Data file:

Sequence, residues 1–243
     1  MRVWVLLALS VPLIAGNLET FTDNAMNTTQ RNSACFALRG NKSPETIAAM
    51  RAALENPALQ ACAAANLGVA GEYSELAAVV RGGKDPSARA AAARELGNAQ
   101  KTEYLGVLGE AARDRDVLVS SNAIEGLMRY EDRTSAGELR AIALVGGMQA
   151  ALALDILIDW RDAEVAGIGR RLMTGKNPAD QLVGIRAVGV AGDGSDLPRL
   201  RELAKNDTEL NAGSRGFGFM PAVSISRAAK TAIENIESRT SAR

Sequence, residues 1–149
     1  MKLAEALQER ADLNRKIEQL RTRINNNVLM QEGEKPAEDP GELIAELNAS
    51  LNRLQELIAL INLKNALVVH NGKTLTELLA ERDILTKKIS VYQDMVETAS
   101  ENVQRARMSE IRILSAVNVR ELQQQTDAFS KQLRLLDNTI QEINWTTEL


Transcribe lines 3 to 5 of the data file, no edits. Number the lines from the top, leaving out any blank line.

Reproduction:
    51  RAALENPALQ ACAAANLGVA GEYSELAAVV RGGKDPSARA AAARELGNAQ
   101  KTEYLGVLGE AARDRDVLVS SNAIEGLMRY EDRTSAGELR AIALVGGMQA
   151  ALALDILIDW RDAEVAGIGR RLMTGKNPAD QLVGIRAVGV AGDGSDLPRL